U.S. sales of Hyundai and Kia rose for a third straight month in October on stronger demand for electrified vehicles and healthy retail sales as the auto industry’s supply shortage gradually eases.
Retail deliveries rose 11 percent to 58,315 in October, Hyundai said. The company prefers more profitable retail business in conditions of limited inventory; fleet deliveries account for just 0.4 percent of year-to-date sales.
“Demand is still there, and our lineup of electric vehicles contributed to record sales this month,” said Randy Parker, CEO of Hyundai Motor America, in a statement.
Hyundai said it had 31,529 cars and light trucks in inventory at the end of October, compared with 24,919 at the end of September and 19,894 at the end of October 2021.
At Kia, sales of electric cars increased by 101 percent. And four models posted double-digit sales growth: Seltos, up 37 percent; Forte, up to 19 percent; The Sorento grew by 8 percent and the Niro by 16 percent.
October Genesis volume fell 18 percent, snapping a streak of 22 consecutive increases.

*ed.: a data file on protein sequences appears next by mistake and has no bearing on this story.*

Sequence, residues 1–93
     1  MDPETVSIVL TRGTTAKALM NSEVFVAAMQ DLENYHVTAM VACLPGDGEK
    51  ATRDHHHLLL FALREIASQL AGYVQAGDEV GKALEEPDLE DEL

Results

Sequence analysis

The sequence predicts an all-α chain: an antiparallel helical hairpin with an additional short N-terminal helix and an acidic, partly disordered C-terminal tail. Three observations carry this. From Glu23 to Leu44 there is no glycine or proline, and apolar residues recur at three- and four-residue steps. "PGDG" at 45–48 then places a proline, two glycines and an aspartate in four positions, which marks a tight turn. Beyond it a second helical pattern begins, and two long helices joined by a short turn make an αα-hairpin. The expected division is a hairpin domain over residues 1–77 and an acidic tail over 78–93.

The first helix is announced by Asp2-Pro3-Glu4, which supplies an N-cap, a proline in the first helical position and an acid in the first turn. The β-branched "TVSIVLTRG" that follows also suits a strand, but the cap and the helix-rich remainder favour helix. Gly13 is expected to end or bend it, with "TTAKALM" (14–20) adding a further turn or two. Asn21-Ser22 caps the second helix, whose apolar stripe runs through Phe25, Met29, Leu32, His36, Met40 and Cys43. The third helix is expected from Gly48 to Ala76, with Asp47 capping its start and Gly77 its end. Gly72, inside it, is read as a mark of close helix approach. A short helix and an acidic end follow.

Toyota Motor Corp., Honda Motor Co., Subaru and Mazda will release October sales later on Tuesday, followed by results for the month from Ford Motor Co. and Volvo on Wednesday. The rest of the industry reports US sales quarterly.
U.S. light vehicle shipments are expected to rise last month from October 2021 levels as inventories slowly improve and demand remains steady, even amid rising interest rates, gasoline prices and the MSRP for new cars that put additional pressure on affordability.
The market is down 13 percent through September and is set to fall for the year after growing 3.3 percent in 2021 following a sharp decline in volume in 2020 due to the COVID pandemic.
With a slight improvement in new vehicle inventories in October, JD Power and LMC Automotive said that retail sales will top one million units at the end of the month for the first time since May 2021. Stock restocking and higher consumer borrowing costs should slow growth, analysts point to rapid price growth in this area. The fall used vehicled steel prices another headwind for the new car market where some consumers have been downgraded.
“We expect some deterioration in unit price and profitability in the coming months,” said Thomas King, JD Power’s president of data and analytics. “However, with nearly 50 percent of new vehicles still selling above MSRP, the industry is readjusting to a more sustainable pricing environment.”
U.S. consumers, “held back by higher interest rates and lower-than-expected job growth,” are expected to contract in the coming months, a key driver of auto demand over the next 12 to 18 months, S&P said. Global Mobility. said late last month.